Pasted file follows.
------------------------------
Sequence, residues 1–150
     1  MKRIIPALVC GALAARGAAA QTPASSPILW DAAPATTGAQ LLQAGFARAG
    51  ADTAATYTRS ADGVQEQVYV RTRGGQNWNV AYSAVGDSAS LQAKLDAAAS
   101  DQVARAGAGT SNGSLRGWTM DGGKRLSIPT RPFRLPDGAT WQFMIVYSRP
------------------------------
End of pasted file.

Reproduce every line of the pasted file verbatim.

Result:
Sequence, residues 1–150
     1  MKRIIPALVC GALAARGAAA QTPASSPILW DAAPATTGAQ LLQAGFARAG
    51  ADTAATYTRS ADGVQEQVYV RTRGGQNWNV AYSAVGDSAS LQAKLDAAAS
   101  DQVARAGAGT SNGSLRGWTM DGGKRLSIPT RPFRLPDGAT WQFMIVYSRP